Religion and politics don’t always pair well, and both have a reputation as conversation stoppers. But so much of the work of Rev. Martin Luther King Jr. occurred at the intersection of those two often-avoided topics, and his efforts were part of a tradition that lives on.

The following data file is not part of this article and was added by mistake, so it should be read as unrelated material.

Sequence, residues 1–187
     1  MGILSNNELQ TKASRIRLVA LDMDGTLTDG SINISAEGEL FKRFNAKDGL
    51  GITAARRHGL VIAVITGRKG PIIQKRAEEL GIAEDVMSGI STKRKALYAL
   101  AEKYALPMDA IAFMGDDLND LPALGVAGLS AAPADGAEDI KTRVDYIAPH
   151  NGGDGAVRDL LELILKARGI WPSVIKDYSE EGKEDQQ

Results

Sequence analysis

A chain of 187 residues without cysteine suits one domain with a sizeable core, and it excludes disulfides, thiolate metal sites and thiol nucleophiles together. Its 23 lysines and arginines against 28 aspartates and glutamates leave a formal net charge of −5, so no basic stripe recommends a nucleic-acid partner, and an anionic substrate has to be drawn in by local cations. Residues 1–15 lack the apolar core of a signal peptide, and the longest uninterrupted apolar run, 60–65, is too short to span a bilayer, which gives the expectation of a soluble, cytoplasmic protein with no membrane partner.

“I’m thinking, for example, of folks here in St. Louis, names like Rev. Traci Blackmon, Rabbi Susan Talve,” said Lerone Martin, a Washington University faculty member who joined St. Louis on the Air on Thursday for a discussion of King’s legacy. “And even more broadly in the U.S. we can think about someone like Rev. [William] Barber, who’s trying to plan a poor people’s campaign in a similar tradition and vein.”